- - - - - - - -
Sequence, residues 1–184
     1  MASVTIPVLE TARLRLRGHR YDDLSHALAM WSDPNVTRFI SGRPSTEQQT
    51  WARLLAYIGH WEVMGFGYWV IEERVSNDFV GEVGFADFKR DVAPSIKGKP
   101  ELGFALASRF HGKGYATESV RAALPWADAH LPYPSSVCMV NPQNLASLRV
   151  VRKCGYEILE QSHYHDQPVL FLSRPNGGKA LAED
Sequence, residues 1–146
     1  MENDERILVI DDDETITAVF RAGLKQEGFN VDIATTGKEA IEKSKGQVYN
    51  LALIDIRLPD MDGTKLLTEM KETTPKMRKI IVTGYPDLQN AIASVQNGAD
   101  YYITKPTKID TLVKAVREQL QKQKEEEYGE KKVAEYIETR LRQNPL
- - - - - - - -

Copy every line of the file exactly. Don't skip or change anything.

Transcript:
Sequence, residues 1–184
     1  MASVTIPVLE TARLRLRGHR YDDLSHALAM WSDPNVTRFI SGRPSTEQQT
    51  WARLLAYIGH WEVMGFGYWV IEERVSNDFV GEVGFADFKR DVAPSIKGKP
   101  ELGFALASRF HGKGYATESV RAALPWADAH LPYPSSVCMV NPQNLASLRV
   151  VRKCGYEILE QSHYHDQPVL FLSRPNGGKA LAED
Sequence, residues 1–146
     1  MENDERILVI DDDETITAVF RAGLKQEGFN VDIATTGKEA IEKSKGQVYN
    51  LALIDIRLPD MDGTKLLTEM KETTPKMRKI IVTGYPDLQN AIASVQNGAD
   101  YYITKPTKID TLVKAVREQL QKQKEEEYGE KKVAEYIETR LRQNPL